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Sarah Levin-Richardson (she/her/hers)

Associate Professor
Headshot of Sarah Levin-Richardson

Contact Information

DEN 227
Office Hours: 
On sabbatical

Biography

Ph.D., Classical Archaeology, Stanford, 2009
M.A., Classical Studies, Stanford, 2006
B.A., Classical Archaeology and Political Science, UNC-Chapel Hill, 2003
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My work examines the intersection of Roman material culture (art, architecture, archaeological finds, inscribed texts) and social history. I’ve explored sexuality in Roman Italy and the provinces (highlighting the sexual activity of penetrated men and women, for example), the social functions of Pompeian graffiti (including the literacy and subjectivity of those who inscribed texts and images), and the ways modern cultures look to ancient Rome for paradigms of sexual behavior. This body of research aims to recover the contours of agency for marginalized groups like male and female prostitutes, penetrated men, and lusty women, and is thus influenced by and contributes to feminist and queer theory.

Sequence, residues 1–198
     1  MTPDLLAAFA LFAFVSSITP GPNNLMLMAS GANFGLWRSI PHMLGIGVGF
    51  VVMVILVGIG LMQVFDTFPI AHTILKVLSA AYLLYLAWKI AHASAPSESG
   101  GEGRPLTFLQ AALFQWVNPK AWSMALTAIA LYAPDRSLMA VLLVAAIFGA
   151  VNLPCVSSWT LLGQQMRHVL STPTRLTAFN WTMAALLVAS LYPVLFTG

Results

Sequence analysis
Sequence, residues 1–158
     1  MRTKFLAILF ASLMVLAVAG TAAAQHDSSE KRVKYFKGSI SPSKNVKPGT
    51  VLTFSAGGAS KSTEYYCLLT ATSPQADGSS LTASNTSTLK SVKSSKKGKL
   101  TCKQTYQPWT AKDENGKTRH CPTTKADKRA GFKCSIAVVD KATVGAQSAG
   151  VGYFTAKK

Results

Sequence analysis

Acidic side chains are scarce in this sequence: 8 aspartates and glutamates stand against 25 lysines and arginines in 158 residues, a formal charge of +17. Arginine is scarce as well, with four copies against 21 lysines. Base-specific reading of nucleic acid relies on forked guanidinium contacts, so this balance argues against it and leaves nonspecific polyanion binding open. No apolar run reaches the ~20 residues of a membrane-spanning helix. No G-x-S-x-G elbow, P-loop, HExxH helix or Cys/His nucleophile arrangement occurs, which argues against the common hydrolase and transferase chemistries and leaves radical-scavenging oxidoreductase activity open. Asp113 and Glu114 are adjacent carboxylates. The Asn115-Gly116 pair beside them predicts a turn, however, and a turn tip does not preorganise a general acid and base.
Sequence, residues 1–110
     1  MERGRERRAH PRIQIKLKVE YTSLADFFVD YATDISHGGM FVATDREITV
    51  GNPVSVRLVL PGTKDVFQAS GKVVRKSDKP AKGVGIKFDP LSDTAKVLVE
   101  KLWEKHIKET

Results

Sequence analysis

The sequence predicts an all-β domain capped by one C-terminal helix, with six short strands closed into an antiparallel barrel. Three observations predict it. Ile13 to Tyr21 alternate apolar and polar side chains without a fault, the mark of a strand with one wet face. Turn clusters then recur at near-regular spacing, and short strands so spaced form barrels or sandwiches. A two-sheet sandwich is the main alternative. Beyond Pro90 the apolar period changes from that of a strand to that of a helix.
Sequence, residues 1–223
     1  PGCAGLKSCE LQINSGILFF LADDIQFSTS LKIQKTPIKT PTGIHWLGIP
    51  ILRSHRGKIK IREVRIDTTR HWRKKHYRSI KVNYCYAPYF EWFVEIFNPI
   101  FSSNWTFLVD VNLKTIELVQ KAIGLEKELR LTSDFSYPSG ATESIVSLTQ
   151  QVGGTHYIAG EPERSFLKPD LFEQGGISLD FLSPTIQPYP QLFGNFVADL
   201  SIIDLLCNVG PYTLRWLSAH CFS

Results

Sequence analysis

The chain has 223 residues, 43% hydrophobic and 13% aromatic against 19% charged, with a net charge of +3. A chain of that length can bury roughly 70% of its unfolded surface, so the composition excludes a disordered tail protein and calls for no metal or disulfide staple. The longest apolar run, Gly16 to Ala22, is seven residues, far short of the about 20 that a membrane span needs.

In The Brothel of Pompeii: Sex, Class, and Gender at the Margins of Roman Society (Cambridge 2019), I explore the physical, social, and emotional environment within Pompeii’s “purpose-built” brothel. In the process, I illuminate a world in which prostitutes could flout the norms of society and proclaim themselves as sexual subjects and agents (even while their sexual and emotional labor was sold), where prostitutes and clients exchanged gifts, greetings, jokes, taunts, and praise, and where enslaved clients were allowed to act like “real men.”

My current research uses a range of ancient evidence to study the lives of enslaved people in Roman Italy. In asking how we might access and write about the emotional lives of these individuals, I build on creative approaches developed in other fields (e.g., Black feminist theory; counterhistory) that encourage us to think through dimensions of experience that are otherwise beyond scholarly grasp.

I currently serve as co-chair of the Lambda Classical Caucus, and previously served as co-chair of the Women's Classical Caucus.

Research

Selected Research

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